Helix inversion mechanisms in perhydrohelicenes

For perhydrohelicenes, intermediates and transition states in the inversion still have shapes (Fig. 7(c)) broadly like kinked cables, but the rolling process is superimposed on this. Just as with 16 above, adjacent chair rings on either side control the inversion process, but the choreography for perhydrohelicenes is more complex and intriguing. In terms of the C(H)–C(H)–C(H)–C(H) torsion angles along the inner rim of the helix described earlier, complete helix inversion corresponds to conversion of gagaga… to ag+ag+ag+a…. Inversion sequences for [6]-, [7]-, and [8]-perhydrohelicene are shown below. Because the two termini of a perhydrohelicene with an even number of rings are different, starting the inversion from one end of the structure results in a different sequence from that resulting from starting at the other end. There is only one sequence however for perhydrohelicenes with odd numbers of rings. Torsion angle listings in square brackets (e.g. [agg+a]) correspond to TS structures with an eclipsed bond between two boat-form rings (torsion angles within boat rings are given in bold italics).
image file: c7sc01759f-u6.tif

image file: c7sc01759f-u7.tif

As the rolling inversion process proceeds along the chain of rings, individual inversions alternate between the [agg+a] and [g+aag] cases. This alternation is associated with the [gagaga…] sequence of torsion angles along the inner rim of the ground state and, ultimately, the cis,anti,cis,anti… sequence of ring fusions.

We now examine the [agg+a] and [g+aag] pathways for the simplest example: cis,anti,cis,anti,cis-perhydro[4]helicene 17. These are illustrated in Fig. 8 and 9 respectively. The [agg+a] pathway (Fig. 8) corresponds to the classic stepwise process, essentially the same as established for cis-decalin itself, with the chair-to-twist process being rate-limiting, although the activation energies are raised by extra non-bonding interactions involving the other rings. The [agg+a] pathways for the larger perhydrohelicenes (6-, 8-, 10-, and 12-) are identical in general form.

image file: c7sc01759f-f8.tif
Fig. 8 Potential energy diagram for the [agg+a] pathway from C′TCC to the Cs TS for enantiomerization of 17; energies (in kJ mol−1) are relative to the CCCC global minimum. Torsion angles that are controlled by the adjacent chair rings are shown in red. The red arrow highlights the half-chair conformation of the ring undergoing the chair-to-twist change in the first TS.

image file: c7sc01759f-f9.tif
Fig. 9 Potential energy diagram for the [g+aag] pathway from CCTC′ to the Cs TS for enantiomerization of 17; energies (in kJ mol−1) are relative to the CCCC global minimum. Torsion angles that are controlled by the adjacent chair rings are shown in red. The red arrow highlights the half-chair conformation of the ring undergoing the chair-to-twist change in the first TS. Torsion angles within the two twist rings are shown for the CTTC′ intermediate and the chair-to-twist TS.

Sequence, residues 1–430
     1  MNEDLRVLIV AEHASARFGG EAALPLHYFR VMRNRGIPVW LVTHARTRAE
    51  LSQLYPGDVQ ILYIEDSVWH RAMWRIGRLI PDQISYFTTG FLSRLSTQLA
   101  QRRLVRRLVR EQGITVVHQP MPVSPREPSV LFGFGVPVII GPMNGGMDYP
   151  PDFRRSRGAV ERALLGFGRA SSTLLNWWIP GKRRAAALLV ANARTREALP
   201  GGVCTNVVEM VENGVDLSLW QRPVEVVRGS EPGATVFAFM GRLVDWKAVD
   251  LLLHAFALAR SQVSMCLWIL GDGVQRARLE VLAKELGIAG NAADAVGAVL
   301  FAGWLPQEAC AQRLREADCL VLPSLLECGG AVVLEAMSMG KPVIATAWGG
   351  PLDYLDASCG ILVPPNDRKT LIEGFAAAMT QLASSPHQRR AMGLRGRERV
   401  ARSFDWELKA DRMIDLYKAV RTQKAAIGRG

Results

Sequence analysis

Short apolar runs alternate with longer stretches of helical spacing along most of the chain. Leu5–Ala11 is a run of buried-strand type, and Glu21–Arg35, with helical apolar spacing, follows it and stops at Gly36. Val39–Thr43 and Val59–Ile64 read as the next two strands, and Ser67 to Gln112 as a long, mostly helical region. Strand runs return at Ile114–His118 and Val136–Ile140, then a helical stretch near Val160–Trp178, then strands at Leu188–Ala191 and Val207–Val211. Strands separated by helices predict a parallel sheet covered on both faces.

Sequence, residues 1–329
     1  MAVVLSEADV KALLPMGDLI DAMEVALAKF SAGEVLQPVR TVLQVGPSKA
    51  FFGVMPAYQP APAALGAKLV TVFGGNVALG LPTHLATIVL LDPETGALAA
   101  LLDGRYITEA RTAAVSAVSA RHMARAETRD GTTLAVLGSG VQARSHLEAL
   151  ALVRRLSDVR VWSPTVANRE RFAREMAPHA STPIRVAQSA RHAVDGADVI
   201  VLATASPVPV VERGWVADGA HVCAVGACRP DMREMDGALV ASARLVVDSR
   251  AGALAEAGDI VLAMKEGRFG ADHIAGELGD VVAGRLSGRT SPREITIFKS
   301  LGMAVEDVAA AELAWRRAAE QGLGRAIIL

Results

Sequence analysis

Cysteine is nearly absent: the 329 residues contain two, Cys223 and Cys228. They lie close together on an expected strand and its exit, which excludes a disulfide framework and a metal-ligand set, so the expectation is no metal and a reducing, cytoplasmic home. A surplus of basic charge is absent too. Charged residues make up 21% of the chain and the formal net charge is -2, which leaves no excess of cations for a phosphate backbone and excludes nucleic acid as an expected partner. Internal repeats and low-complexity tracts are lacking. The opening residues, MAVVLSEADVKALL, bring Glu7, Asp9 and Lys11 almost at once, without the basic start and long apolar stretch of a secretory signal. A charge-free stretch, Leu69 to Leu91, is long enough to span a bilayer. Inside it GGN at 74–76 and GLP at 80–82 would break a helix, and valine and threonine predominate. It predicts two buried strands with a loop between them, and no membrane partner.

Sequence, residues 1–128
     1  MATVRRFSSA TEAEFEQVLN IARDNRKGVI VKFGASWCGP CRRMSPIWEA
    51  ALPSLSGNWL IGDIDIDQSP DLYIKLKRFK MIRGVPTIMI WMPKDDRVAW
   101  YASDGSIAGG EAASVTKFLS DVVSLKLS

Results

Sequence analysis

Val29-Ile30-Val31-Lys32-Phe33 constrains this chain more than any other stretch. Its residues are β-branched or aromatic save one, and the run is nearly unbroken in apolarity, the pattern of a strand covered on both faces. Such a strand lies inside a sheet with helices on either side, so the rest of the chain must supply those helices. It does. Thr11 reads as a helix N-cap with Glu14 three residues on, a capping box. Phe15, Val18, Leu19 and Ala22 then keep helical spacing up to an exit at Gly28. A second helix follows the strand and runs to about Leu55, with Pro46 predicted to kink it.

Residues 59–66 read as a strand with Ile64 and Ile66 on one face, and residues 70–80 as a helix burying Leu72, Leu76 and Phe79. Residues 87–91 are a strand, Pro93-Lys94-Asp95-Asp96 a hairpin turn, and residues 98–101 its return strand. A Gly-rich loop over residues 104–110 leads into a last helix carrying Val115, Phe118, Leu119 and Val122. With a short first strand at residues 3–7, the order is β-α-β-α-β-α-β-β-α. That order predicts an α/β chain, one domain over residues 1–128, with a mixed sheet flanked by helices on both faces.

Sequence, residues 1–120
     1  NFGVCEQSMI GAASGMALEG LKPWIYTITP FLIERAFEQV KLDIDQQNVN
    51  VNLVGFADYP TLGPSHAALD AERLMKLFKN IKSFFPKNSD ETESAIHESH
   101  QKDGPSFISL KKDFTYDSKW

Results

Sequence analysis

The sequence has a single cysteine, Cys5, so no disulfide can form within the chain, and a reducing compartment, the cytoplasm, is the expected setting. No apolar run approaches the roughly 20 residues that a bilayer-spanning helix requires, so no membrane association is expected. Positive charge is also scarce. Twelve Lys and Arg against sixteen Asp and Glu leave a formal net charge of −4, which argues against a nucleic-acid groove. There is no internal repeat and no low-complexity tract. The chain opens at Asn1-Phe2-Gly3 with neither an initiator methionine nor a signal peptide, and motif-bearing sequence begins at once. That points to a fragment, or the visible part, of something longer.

The [g+aag] pathway for 17 is significantly different, as shown in Fig. 9. Now the rate-limiting step involves the Cs enantiomerization process, and an activated chair-to-twist TS can barely be distinguished! This behaviour is puzzling when is it found that for the corresponding conformation of cis-decalin itself the pathway is “normal” i.e. stepwise and like that in Fig. 8. The explanation for the behaviour seen in Fig. 9 comes from careful examination of the torsion angles within the central rings of the chair-to-twist TS and the CTTC′ intermediate (see Fig. 9). The CTTC′ intermediate is structurally very similar to the “half-chair” conformation of the TS; note especially the sequence of small torsion angles in the left-hand ring. An almost unactivated conversion to the TS and thus on down to the CCTC′ structure is therefore understandable, and indeed this process can easily be followed using a torsion angle driver in molecular mechanics. Animation of the computed lowest energy vibration for the intermediate (51 cm−1) shows it to be essentially identical to the imaginary vibration (109 cm−1) of the TS. Noted that the potential energy of the TS (Fig. 9) is actually slightly lower than that of the CTTC′ intermediate, although ΔG is higher, of course.

We found that, in the corresponding pathways for all the larger perhydrohelicenes, distinct CTTC′ intermediates and chair-to-twist TSs could not be found despite extensive searches; the Cs enantiomerization TS goes straight down to a CCTC′ structure. The whole process is thus effectively concerted, though not for the same reason as in the case of 14 above.